Tapping into the troubled life of that “Boy from Oz”
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Pride Films & Plays’ impressive Chicago premiere of “The Boy from Oz” – the jukebox musical about the life of Peter Allen, the Australian-born performer, Grammy and Oscar-winning songwriter and sexual adventurer who was widely known for his connection to both Judy Garland and her daughter, Liza Minnelli – is the latest reminder of just how good this city’s smaller theater companies have become at producing Broadway musicals on an intimate scale.
In fact, this particular show benefits greatly from that intimacy, as well as from about two dozen of Allen’s own songs, and the neatly sketched biographical book by Martin Sherman and Nick Enright that chronicles a show biz-obsessed man whose troubled early life led to a difficult and often unhappily hedonistic adulthood.
Expertly cast and directed by David Zak, the production features strong music direction by Robert Ollis (who leads the six-piece band perched above the stage), and a deft blend of old school tap and Bob Fosse flair by choreographer Cameron Turner. And throughout there is a subtle sense of the New York “scene” of the 1970s and ’80s.
‘The Boy from Oz’
When: Through Aug. 30
Where: Pride Films & Plays at
Stage 773, 1225 W. Belmont
Info: (773) 327-5252;
Run time: 2 hours and
30 minutes with one intermission
First staged in Sydney, Australia in 1998 (barely six years after Allen, 48, had died of AIDS), it became a huge success as it toured Australia. It then arrived on Broadway in 2003, where Hugh Jackman, another “boy from Oz,” earned a Tony Award for his starry turn. Maybe even too starry.
The Chicago production features Chris Logan in the hugely demanding role. A wiry actor with fine song-and-dance skills, and chiseled features and dirty blonde hair that are a good match for Allen’s, he very cannily suggests the mix of insecurity, vulnerability and selfishness of the man he is playing. Logan is not afraid to let you dislike Allen at certain moments, even if you understand the reasons for his behavior.
The only son of an adoring and accepting mother, Marion (Michelle McKenzie-Voigt in a performance of depth, warmth and humor), and a cruel father (Brad Senffner), plagued by alcoholism after his return from World War II, Allen (played as a boy by Garrett Hershey) was fueled by “Busby Berkeley dreams” from an early age. He sang in pubs, then joined with Chris Bell (David Kaplinsky) as one of the “Allen Brothers,” and became a popular TV and cabaret act in early 1960s Australia.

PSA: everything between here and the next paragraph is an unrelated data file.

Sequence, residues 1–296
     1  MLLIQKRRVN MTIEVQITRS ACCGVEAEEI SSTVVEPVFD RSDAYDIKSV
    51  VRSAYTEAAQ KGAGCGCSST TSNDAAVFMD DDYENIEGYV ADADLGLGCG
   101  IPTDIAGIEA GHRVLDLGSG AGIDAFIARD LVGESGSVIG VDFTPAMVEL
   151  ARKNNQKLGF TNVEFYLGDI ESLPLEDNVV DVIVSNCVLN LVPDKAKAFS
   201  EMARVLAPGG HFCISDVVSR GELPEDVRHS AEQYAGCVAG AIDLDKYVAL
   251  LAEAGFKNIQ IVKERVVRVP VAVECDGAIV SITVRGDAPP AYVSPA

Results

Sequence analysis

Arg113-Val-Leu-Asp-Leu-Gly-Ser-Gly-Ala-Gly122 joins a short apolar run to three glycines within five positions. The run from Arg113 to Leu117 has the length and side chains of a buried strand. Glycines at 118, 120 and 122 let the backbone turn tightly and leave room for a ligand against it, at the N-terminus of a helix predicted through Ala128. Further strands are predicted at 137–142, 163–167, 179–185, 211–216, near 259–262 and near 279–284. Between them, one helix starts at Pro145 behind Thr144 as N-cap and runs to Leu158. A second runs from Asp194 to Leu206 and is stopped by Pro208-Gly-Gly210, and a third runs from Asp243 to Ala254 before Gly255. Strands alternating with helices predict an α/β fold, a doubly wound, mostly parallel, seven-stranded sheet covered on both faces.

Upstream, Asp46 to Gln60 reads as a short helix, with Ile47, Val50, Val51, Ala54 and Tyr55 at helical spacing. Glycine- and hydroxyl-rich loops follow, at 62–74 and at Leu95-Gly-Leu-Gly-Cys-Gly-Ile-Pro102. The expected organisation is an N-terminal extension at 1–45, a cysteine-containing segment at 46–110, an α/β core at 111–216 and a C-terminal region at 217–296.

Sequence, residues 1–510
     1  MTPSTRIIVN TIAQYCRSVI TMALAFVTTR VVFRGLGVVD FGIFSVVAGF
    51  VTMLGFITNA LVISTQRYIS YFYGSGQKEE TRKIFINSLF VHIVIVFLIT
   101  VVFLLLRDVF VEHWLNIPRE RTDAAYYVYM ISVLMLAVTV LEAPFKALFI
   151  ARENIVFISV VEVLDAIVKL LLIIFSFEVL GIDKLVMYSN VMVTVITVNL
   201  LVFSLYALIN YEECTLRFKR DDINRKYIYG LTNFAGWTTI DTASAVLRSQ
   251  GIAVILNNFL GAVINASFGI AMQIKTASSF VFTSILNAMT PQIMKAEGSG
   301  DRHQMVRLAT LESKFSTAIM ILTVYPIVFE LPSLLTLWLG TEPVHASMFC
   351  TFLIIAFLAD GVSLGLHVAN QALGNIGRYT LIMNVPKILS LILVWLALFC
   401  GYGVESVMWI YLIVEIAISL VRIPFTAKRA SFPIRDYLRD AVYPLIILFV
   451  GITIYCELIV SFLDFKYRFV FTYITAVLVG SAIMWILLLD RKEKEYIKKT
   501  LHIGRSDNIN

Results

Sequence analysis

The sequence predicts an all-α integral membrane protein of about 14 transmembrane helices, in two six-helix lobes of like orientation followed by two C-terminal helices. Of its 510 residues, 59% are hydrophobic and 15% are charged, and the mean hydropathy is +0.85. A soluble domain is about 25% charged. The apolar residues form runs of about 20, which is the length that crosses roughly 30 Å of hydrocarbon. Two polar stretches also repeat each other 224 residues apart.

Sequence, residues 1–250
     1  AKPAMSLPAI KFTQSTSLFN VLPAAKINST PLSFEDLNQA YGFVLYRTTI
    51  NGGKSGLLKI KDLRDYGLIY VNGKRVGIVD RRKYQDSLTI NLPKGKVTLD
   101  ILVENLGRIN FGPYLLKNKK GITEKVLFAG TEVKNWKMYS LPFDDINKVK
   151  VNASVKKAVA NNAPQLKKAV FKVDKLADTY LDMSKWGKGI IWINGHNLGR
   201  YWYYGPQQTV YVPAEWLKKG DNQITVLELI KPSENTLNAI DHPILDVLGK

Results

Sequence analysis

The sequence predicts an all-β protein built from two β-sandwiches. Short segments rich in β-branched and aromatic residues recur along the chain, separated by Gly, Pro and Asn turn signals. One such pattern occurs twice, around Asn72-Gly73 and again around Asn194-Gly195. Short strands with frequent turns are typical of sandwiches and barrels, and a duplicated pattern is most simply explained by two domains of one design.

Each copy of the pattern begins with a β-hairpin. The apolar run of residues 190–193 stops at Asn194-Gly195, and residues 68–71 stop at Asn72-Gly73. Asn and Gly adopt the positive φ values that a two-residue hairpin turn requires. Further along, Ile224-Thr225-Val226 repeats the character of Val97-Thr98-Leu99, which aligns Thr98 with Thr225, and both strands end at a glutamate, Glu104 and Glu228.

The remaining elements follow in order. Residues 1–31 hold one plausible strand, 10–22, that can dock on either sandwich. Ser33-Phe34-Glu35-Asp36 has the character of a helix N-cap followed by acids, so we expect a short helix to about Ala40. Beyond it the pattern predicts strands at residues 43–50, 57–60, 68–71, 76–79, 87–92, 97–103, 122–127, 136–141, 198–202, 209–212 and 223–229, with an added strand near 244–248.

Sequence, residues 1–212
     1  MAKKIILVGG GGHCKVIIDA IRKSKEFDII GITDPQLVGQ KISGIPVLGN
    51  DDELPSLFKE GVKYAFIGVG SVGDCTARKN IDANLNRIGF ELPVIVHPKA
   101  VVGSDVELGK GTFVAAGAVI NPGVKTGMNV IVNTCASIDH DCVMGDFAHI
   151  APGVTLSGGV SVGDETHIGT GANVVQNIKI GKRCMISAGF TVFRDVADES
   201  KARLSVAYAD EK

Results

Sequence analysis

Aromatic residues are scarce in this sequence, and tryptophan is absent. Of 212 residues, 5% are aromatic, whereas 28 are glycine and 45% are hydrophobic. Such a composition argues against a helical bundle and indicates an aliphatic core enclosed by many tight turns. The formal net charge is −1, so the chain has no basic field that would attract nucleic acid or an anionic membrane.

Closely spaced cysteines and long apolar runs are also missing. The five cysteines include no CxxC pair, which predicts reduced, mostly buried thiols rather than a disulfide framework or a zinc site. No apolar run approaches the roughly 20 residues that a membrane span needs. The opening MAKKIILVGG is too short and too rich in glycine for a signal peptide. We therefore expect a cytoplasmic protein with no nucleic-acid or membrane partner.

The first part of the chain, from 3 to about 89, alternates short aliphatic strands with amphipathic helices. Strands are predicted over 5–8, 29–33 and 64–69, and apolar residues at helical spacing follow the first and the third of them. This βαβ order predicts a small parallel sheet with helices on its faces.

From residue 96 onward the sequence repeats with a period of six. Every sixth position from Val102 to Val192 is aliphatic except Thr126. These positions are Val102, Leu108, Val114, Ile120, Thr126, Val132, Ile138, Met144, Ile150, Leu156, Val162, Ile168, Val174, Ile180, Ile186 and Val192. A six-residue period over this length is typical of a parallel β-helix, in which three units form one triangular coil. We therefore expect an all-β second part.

While performing in Hong Kong, Allen was “discovered” by Mark Herron (Wade Tischhauser), Judy Garland’s husband at the time, and became her opening act in London and the United States. He also briefly became the “boy toy” of the unsteady, love-wounded Garland (ideally embodied, rather than imitated, by Nancy Hays).
Though clearly gay, Allen played both sides of the sexual coin, and was quickly drawn to the young, big-eyed Minnelli (and the family celebrity). No surprise the two clicked; both were emotionally needy and had a surplus of talent and ambition. Though they were married for seven years, Allen went off with men while Minnelli (in a very real and winningly light-up-the stage performance by Michelle Lauto), went off and became a superstar. Finally she could no longer abide the betrayals.
As it happens, Allen, who was never really in the closet, fell under the spell of Greg (an excellent turn by Luke Meierdiercks), a male model from Texas who became his lover and artistic aide, and eventually oversaw his mega-success at Radio City Music hall and beyond. Greg was the first of the two to die of AIDS; it would take another six years for the disease to catch up with Allen.
Katie-Bell Springmann’s set says a great deal with little more than a curving “stairway to paradise,” and John Nasca’s costumes pay glittery homage to designer Bob Mackie (for Liza), and to Allen’s flashy, largely unbuttoned disco shirts.
Allen made few apologies for his life or lifestyle. He just kept tapping down that yellow brick road, courting success and attention, and eventually getting it. In some sense he was both of his era and ahead of it.